For those that have not followed the social media buzz, here is a brief outline on what “Hidden Pizza Restaurant” was all about. At the start of April, an alleged Tony Fazio started a marketing campaign saying if you found his Hidden Pizza Restaurant, you could get free pizza.
Who doesn’t like FREE PIZZA?
Melbourne local news/bloggers started buzzing about how great the place was and what a clever idea the “free pizza” was. However, it turns out the “Hidden Pizza Restaurant” campaign was a clever construct of Clemenger Proximity + Sensis + OMD. It appears some marketing directors got together with a big budget and too much time on their hands and created this campaign to promote Yellow Pages online.
Did it work? Well that is hard to say, because it is nearly impossible to tell whom the campaign targetted, what the message was, and what the goal of the exercise was. We can say, though, if our clients allowed us to give away free pizza, we would certainly do a better marketing job than this program did.
What was the aim of the campaign?
If it was purely a branding exersize for YellowPages.com.au, then you could probably argue that it was a moderate success. The campaign has certainly given the brand eyeballs in the marketing community, as people are talking about the Hidden Pizza Restaurant program, and there are marketing magazines that are discussing the merits of the exersize. However I would say that more has been done for the “Hidden Pizza” brand than Yellow Pages, as most people are talking about how great the restaurant was and not how they found out about it.
Social marketing is also a double edged sword. Most social marketing commentators are actually saying the exercise showed how yellowpages.com.au is a poor way to spend your marketing dollars if you are looking for a high position in search. Even now, after the campaign has ended, the front page of the website and other bloggers are optimised better for the front page of Google. To further embarrassment, the Yellow Pages entry for the Hidden Pizza Restaurant is now returning a dead link, so there is no way to see how well optimised the page is.
Maybe it was all about the promotion and buzz? 3756 fans on Facebook is hardly a groundswell, especially when you consider other restaurants with less marketing dollars have a greater following. I also wonder how many of the “fans” are employees of the three companies involved? Again there are people talking about the program, and no doubt “hidden pizza” was probably a trending search for a while. However, how much of that will generate interest in advertising on Yellow Pages?
To be crass, the campaign goal might have been to prove that, in order to find a restaurant, you have to use the Yellow Pages, in which case it missed the mark by a country mile. The campaign probably did more for Facebook, Google/SEO, Free Pizza campaigns and the Hidden Pizza Restaurant than it did for Yellow Pages. Which brings me to a separate point. For all we can tell, it looks like restaurant was temporary; what a complete waste of ongoing marketing.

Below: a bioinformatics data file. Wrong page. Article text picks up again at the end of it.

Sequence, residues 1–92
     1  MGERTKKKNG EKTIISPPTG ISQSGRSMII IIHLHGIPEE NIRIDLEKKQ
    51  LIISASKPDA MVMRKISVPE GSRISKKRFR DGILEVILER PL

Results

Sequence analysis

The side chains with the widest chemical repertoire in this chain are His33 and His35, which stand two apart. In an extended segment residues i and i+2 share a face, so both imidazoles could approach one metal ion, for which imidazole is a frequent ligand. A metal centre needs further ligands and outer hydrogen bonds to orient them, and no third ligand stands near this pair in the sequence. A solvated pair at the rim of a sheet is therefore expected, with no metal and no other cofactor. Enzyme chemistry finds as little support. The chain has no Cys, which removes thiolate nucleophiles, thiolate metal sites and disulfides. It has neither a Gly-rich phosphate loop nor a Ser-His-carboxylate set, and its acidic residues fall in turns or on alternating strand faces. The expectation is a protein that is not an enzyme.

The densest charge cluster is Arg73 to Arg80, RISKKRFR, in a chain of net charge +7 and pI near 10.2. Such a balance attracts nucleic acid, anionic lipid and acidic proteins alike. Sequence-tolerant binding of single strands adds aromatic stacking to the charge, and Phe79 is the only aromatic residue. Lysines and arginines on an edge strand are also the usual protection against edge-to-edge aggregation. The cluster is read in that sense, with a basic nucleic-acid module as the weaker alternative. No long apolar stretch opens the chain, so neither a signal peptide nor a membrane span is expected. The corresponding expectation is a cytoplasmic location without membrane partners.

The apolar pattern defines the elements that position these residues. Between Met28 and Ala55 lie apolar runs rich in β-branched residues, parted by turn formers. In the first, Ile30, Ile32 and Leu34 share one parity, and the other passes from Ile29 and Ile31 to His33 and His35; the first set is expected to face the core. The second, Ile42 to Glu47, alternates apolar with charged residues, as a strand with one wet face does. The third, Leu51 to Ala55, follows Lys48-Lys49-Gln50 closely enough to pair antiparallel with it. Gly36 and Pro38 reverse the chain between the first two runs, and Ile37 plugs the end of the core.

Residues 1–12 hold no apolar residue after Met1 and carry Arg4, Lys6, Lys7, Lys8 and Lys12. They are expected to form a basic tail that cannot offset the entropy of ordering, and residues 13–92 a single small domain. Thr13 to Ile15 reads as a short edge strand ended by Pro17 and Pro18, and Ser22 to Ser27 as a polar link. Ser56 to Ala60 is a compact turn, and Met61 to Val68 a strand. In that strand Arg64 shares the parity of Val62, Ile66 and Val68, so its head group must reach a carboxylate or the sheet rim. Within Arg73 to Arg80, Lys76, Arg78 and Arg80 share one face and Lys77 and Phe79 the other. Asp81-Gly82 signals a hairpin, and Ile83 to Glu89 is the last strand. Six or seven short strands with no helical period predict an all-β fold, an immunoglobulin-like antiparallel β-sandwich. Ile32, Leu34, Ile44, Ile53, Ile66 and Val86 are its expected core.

Who were they targeting?
Anyone with any idea about social media marketing would view this campaign with scepticism, so the message is going to be filtered out. Anyone with money to spend on things like Yellow Pages are going to use multiple ways of growing their presence, such as social media, SEO, customer feedback etc. They are not going to rely on spending thousands of dollars on a single page online. Which demographic is going to say “YES! This has shown me the power of advertising in The Yellow Pages.”?
A better idea!
We have a far better idea for growing yellowpages.com.au as well as the clients they serve. Why not partner with independent local pizza restaurants and run a “buy 1 get 1 free Wednesdays” if customers download a coupon for the restaurant from the yellowpages.com.au. Make a “Free Pizza” campaign page on Facebook where people can find their local participating restaurants. If customers take a photo of themselves with the free pizza and post it on the Facebook page, they go in to win more free pizza, or something.
Surely it would be more of a brag for Sensis if they could prove their media, yellowpages.com.au was worth something to their clients, either in terms of clicks or visibility. At the moment all this campaign says is, if you have lots of time and money to spend on PR and promotion, then yellowpages.com.au is one of the ways your clients can get in touch with you.
Maybe someone out there can tell us if Yellow Pages got value for money out of this program?
Both Clemenger Proximity and Yellow Pages have released their statements on the program. Unsurprisingly both are claiming success with over 8000 people finding the restaurant, 70% through Yellow Pages. We would say it is more of a success for Clemenger, who showed they could take a brief and create something amazing in a very short space of time. For Yellow Pages, however, we still think it is marketing dollars poorly spent. The program mostly proved that Yellow Pages don’t understand social and online media, and that there are better ways to find a business than through their website. There would have been around 13550 searches on Google during that period for Pizza in Melbourne, and even with the power of Clemenger and Sensis, Yellow Pages managed to capture just 5600.